During New York Climate Week, the World Economic Forum (WEF) is urging global businesses to commit to producing and purchasing near-zero emissions steel by 2030 through its ‘Near-Zero Steel 2030 Challenge.’
This initiative is sponsored by the WEF’s First Movers Coalition (FMC), a group of international companies focused on creating markets for clean technologies and reducing emissions in challenging sectors like aviation, shipping, trucking, and steel.
The challenge will be hosted on Australia’s Greenhouse Challenge Platform, a transparent marketplace for addressing climate change. It aims to connect companies interested in buying near-zero steel with those capable of producing it and to link steel suppliers with climate tech firms specializing in technologies like hydrogen, renewable energy, and carbon capture.
As part of this endeavour, FMC steel members commit to purchasing at least 10 per cent of their steel from near-zero emissions sources by 2030. Mark Rowland, Chief Collaboration Officer of Greenhouse, emphasized the importance of collaboration in advancing climate tech solutions and reducing global greenhouse gas emissions.
Nancy Gillis, Programme Head of the First Movers Coalition, highlighted the challenge’s role in signaling a demand for near-zero emission steel and supporting steel suppliers in their decarbonization efforts.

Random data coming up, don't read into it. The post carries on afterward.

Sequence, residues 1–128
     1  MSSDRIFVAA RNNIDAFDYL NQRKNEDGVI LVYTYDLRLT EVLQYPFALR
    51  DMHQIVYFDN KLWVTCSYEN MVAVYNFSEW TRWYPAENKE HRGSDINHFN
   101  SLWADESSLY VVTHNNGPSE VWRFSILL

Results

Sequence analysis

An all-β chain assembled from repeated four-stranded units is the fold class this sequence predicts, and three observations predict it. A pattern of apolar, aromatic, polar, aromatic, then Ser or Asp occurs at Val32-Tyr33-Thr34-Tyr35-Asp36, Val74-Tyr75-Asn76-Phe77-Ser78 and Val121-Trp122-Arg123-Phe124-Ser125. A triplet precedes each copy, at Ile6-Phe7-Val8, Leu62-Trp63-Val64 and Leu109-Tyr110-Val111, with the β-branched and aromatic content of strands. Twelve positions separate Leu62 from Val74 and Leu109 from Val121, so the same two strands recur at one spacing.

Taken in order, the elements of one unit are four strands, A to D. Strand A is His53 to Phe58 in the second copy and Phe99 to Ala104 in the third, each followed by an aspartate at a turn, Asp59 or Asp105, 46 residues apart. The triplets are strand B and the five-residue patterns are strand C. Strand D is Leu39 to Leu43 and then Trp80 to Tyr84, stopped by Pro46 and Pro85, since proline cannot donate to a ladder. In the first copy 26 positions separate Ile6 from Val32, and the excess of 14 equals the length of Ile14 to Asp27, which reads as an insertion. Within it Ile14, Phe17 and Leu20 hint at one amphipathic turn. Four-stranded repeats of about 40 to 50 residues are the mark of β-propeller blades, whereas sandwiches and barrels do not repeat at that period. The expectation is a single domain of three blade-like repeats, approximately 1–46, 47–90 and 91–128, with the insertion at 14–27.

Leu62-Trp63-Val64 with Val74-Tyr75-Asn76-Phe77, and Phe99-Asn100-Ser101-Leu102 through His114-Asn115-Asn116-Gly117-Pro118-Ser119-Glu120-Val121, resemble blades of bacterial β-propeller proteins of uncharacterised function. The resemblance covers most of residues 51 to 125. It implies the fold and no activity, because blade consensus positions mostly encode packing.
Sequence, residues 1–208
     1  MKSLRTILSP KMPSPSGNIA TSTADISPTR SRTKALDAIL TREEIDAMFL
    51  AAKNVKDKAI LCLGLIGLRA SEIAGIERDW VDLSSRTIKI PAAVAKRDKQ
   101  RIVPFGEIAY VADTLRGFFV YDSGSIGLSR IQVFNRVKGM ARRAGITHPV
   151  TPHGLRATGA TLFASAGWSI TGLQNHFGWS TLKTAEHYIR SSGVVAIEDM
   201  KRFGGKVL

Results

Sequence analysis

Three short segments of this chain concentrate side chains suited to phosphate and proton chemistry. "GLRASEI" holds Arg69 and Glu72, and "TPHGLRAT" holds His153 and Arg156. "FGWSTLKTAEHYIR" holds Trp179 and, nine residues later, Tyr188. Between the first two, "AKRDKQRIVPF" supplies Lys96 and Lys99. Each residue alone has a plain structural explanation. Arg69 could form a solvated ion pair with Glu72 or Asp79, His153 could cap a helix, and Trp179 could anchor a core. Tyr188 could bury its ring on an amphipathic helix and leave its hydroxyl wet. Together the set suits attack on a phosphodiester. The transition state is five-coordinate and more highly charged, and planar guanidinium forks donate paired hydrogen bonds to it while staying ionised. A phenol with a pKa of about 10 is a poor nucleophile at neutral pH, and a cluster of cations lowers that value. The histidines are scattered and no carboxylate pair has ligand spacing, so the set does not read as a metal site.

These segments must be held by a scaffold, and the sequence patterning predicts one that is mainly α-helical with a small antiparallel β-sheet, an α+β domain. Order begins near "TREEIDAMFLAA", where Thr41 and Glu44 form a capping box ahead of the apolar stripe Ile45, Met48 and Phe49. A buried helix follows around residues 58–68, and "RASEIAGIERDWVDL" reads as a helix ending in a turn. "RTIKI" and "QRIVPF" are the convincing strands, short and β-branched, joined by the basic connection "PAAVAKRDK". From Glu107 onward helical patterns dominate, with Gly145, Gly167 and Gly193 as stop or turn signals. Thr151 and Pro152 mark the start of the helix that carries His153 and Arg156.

The steel industry currently accounts for a significant portion of global energy consumption and CO2 emissions. The challenge officially launches during New York Climate Week and seeks submissions from companies willing to buy near-zero steel and those ready to supply it.
Supporting partners for this initiative include ResponsibleSteel, RMI, Boston Consulting Group, and Deloitte. The Australian government recently joined the FMC, aligning with clean energy transition efforts alongside the UK and the US. Greenhouse has also received $750,000 in funding from the NSW Government to bolster its climate tech platform.
The First Movers Coalition (www.weforum.org/first-movers-coalition) is the World Economic Forum’s flagship decarbonisation initiative, aimed at harnessing the purchasing power of companies to decarbonize seven ‘hard-to-abate’ industrial sectors that currently account for 30 per cent of global emissions: Aluminum, Aviation, Chemicals, Concrete, Shipping, Steel and Trucking; along with accelerating the adaptation of innovative Carbon Removal Technologies.